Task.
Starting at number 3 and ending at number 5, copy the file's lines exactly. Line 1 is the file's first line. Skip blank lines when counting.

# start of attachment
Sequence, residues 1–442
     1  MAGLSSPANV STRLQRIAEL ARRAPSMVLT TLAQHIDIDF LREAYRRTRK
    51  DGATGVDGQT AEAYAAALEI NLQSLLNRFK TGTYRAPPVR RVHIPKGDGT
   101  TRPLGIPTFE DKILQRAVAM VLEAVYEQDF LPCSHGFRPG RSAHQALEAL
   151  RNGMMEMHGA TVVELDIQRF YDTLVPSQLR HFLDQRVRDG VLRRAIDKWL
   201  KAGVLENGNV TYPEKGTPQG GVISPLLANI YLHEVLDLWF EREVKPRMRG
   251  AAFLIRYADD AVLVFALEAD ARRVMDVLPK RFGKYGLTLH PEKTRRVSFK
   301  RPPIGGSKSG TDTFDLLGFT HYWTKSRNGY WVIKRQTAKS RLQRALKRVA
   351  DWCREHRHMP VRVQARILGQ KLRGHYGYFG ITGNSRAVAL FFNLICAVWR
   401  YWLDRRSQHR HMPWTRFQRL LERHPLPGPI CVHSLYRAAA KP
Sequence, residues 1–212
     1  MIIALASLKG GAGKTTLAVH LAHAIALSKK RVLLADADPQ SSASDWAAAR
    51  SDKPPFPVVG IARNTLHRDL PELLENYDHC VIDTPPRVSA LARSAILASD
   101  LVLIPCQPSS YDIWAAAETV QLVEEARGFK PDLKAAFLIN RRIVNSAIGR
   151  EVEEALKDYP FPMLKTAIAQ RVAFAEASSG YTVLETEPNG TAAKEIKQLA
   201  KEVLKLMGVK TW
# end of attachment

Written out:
    51  DGATGVDGQT AEAYAAALEI NLQSLLNRFK TGTYRAPPVR RVHIPKGDGT
   101  TRPLGIPTFE DKILQRAVAM VLEAVYEQDF LPCSHGFRPG RSAHQALEAL
   151  RNGMMEMHGA TVVELDIQRF YDTLVPSQLR HFLDQRVRDG VLRRAIDKWL